I can't tell you how many times I've talked with families on the phone and they are just so trusting it scares me!
I've also gone to interviews and the families don't have a clue on a single question to ask me. They just want to know that I will work such and such hours.

It's sad...we really need to keep trying to educate the public...and get the nanny industry regulated somehow. NANC (National Assocation for Nanny Care) is trying their hardest-to create a nanny credential exam -
http://www.nannycredential.org/page/page/4227227.htm
but it's the $$$$$ that it takes to get something like this going that is holding them back.

Anonymous said...

Nannies don't typically make enough money to support efforts like credential exams or joining professional nanny organizations.

But I do think there are a lot of great nannies. Lots of professionals (teachers)and mothers who become nannies. Most nannies (whether legal or not, educated or not, experienced or not)are great, caring, honest, people. Just attending a few local nanny support group outings I have met so many professional, top-notch, caregivers. There are high caliber nannies. It's just there are some bad apples in every group. There are bad cops, bad priests, bad teachers, but most people aren't bad. The con-artist in the article is NOT THE NORM. We (nannies)are the norm. We are good, hard-working caregivers who want to make a valuable contribution to the children we care for. I don't feel taken advantage of by my employers. They aren't paying me little or being mean.

Come on, nannies on the whole are good!!!
Dena Prof Nanny 15 years Greenwich CT

Anonymous said...

Dena, not only do nannies not make enough money they don't have the time to being attending nanny functions either. Domestics work long, long hours.

Andrea Flagg said...

I disagree with nannies not being able to earn enough money to join professional organizations.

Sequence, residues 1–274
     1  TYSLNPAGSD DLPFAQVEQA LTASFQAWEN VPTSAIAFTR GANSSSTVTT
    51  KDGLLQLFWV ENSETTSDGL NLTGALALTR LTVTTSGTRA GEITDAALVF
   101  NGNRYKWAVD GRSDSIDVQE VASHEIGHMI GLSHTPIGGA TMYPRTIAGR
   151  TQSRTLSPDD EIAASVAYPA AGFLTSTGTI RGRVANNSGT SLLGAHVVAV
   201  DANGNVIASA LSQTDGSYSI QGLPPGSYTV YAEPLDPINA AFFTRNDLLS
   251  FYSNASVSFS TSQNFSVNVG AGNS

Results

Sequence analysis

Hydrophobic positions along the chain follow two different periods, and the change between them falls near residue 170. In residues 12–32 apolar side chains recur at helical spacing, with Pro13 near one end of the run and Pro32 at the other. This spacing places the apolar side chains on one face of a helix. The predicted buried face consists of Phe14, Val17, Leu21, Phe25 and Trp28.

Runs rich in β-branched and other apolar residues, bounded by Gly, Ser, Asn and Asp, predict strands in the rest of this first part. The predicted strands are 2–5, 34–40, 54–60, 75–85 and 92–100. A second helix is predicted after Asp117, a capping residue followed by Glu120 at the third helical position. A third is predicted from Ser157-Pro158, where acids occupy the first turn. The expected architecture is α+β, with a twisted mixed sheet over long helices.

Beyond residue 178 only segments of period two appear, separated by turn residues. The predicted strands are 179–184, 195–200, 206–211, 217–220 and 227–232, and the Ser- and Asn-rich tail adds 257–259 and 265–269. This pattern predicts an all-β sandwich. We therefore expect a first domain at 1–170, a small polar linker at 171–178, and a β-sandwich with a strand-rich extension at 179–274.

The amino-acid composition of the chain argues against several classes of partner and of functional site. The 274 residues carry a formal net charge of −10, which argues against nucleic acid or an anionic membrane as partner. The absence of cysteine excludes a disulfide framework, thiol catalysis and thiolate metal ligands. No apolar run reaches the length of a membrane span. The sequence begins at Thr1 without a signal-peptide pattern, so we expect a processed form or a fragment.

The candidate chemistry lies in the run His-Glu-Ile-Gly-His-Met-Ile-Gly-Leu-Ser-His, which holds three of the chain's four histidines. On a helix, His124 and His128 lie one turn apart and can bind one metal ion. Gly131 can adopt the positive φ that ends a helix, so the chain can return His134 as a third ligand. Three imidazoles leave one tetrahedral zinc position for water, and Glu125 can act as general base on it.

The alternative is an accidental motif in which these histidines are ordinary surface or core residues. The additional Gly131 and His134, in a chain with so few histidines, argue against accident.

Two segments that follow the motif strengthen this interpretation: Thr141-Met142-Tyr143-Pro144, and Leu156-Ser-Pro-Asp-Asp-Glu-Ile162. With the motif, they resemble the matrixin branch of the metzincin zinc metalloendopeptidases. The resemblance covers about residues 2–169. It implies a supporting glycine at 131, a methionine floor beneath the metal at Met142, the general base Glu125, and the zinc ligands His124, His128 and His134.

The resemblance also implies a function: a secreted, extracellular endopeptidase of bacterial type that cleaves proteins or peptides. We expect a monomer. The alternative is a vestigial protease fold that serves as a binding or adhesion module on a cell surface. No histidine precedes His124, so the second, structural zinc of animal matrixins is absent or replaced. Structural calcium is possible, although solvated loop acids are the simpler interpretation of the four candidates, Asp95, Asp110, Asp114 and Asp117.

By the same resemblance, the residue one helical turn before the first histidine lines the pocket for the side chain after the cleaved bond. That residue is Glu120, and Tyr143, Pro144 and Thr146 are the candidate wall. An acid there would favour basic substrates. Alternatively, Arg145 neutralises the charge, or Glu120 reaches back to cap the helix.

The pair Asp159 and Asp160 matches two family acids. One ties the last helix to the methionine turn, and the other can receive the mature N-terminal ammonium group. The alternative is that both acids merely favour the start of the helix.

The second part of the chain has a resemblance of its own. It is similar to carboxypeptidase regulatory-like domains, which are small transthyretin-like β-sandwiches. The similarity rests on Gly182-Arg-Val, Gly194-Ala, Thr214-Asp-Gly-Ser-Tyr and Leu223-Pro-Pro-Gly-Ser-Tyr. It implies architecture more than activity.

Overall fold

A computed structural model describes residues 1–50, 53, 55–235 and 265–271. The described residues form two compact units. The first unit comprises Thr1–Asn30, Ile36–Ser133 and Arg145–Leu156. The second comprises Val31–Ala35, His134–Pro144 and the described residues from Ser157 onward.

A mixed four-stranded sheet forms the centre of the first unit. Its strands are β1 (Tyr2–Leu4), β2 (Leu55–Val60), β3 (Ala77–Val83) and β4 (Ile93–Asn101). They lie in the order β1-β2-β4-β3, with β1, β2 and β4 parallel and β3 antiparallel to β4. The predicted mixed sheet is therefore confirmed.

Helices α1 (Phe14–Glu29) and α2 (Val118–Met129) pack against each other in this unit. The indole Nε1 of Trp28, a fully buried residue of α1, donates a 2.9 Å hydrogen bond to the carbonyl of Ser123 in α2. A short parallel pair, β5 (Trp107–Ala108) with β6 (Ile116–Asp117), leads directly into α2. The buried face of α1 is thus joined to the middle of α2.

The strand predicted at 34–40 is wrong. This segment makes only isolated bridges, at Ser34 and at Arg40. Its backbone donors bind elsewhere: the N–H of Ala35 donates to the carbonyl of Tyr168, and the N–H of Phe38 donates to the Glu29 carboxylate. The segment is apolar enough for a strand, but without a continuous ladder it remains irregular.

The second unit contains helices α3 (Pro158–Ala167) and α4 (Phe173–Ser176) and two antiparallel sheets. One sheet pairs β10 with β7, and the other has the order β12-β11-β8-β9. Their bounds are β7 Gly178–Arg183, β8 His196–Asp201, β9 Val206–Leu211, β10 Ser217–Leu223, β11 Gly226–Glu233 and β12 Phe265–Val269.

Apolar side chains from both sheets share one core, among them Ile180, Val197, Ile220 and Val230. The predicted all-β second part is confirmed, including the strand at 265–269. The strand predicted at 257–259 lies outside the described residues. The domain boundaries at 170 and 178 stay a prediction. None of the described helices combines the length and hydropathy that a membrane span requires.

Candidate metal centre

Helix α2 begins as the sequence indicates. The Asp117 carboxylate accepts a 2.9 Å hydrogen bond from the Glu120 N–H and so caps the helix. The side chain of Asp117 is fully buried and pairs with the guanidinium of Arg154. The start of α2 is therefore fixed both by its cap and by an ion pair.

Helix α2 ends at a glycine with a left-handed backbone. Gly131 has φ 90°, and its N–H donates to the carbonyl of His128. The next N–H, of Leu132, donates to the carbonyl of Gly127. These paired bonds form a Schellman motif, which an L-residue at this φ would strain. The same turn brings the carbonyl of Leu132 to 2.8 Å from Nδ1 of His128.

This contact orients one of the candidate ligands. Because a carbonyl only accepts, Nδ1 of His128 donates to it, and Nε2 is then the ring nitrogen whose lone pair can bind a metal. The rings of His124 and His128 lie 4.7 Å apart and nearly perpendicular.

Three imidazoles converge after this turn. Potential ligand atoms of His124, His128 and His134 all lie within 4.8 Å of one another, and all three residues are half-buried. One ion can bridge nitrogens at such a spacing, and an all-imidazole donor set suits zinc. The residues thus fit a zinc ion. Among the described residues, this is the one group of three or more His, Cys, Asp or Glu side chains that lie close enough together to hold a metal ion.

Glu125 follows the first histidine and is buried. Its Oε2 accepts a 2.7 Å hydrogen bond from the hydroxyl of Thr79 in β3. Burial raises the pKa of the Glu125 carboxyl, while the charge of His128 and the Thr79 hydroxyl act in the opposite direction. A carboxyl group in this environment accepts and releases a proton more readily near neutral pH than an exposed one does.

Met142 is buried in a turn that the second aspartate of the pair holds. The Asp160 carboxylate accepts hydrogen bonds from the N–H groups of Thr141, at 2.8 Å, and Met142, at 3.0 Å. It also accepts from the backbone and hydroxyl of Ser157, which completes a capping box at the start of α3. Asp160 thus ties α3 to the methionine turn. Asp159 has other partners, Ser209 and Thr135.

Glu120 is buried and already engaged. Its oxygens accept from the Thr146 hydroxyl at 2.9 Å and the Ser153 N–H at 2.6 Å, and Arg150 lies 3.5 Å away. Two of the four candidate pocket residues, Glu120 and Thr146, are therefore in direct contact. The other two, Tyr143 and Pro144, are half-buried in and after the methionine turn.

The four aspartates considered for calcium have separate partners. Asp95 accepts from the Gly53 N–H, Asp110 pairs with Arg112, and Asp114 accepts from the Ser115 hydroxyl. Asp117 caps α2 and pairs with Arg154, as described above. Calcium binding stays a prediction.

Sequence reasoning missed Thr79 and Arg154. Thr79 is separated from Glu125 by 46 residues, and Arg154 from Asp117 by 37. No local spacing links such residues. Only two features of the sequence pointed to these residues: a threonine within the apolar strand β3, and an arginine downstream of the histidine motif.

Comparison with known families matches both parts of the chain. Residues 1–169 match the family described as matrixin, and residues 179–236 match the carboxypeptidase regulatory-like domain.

Yes, some are expensive, such as INA-(International Nanny Assoc. who charge nearly $100 for a year's membership, and approx. $300 for their conference.

However, NANC (National Association for Nanny Care) is only $15 per year for membership.
The conf. is a bit costly, about $100 but they have grants that are available for nannies to be able to attend.

Then there are Nanny Support Group- almost one in every state, and many are free- or only charge $15 to $30 per year. Which is $2.50 or less each month.

There are also FREE workshops given by LakeShore Learning Center.

I know many nannies, on all levels, work long hours- but once in a while you do need to find time to pursue networking with other nannies and make that a priority. If someone working as a nanny really wanted to pursue bettering themselves and becoming active in the nanny community, they could do it.

I have personally reached out to many, many nannies, but for some reason they chose not to become involved. My guess is that most are "undocumented" and afraid they maybe called out upon it.

How can we, as devoted ladies, to the nanny profession, reach out to these types of nannies who need the education and resources to learn to better themselves and not be taken advantage of?

I'd really like to find a way, and band together with other serious minded nannies across the nation so that in the end more children will have better quality nannies.

Andrea Flagg- Nanny Alliance of NY & NJ
www.nannyalliancenyandnj.com

Anonymous said...

Dear Mercedes:
Law or no law she knew these were actions the parents would not condone. Any person in their right frame of mind would know she would get fired for doing this scam.

It is clear that the con artist nanny knew that what she was doing was wrong or she wouldn't have been hiding what she was doing. She wouldn't have needed the code word "library" if she didn't think what she was doing would get her fired. So, law or no law she clearly could be fired for due cause. Doesn't matter if they had a written contract or not. The parents were paying HER to care for the kids, not the stranger. She may not do jail time but I sure hope she pays the family back every dime they paid her.
Nanny in NJ

Anonymous said...

The thing is Andrea where I live (in North East of the country -- I won't embarrass them by listing the name of the group) the nanny that used to run the nanny group (not up and running anymore)was egocentric and was so annoying that ladies would say they would come to social events and workshops but at the last minute they don't come. People not attending at the last minute also has to do with the fact that we work long hours and are tired. I don't see how my fees helped me when I can meet nannies for free through my agency's volunteer contact information sheet and friends in the neighborhood. I also hang out with mothers.